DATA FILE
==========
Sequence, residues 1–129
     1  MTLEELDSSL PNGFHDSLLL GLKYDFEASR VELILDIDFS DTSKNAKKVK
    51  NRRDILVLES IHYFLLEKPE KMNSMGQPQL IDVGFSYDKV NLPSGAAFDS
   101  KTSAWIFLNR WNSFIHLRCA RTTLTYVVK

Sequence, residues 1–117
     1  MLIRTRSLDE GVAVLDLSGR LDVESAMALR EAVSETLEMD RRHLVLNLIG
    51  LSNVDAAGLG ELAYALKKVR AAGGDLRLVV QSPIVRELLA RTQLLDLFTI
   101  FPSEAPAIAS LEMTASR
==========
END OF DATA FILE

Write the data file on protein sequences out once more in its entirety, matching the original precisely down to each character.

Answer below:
Sequence, residues 1–129
     1  MTLEELDSSL PNGFHDSLLL GLKYDFEASR VELILDIDFS DTSKNAKKVK
    51  NRRDILVLES IHYFLLEKPE KMNSMGQPQL IDVGFSYDKV NLPSGAAFDS
   101  KTSAWIFLNR WNSFIHLRCA RTTLTYVVK

Sequence, residues 1–117
     1  MLIRTRSLDE GVAVLDLSGR LDVESAMALR EAVSETLEMD RRHLVLNLIG
    51  LSNVDAAGLG ELAYALKKVR AAGGDLRLVV QSPIVRELLA RTQLLDLFTI
   101  FPSEAPAIAS LEMTASR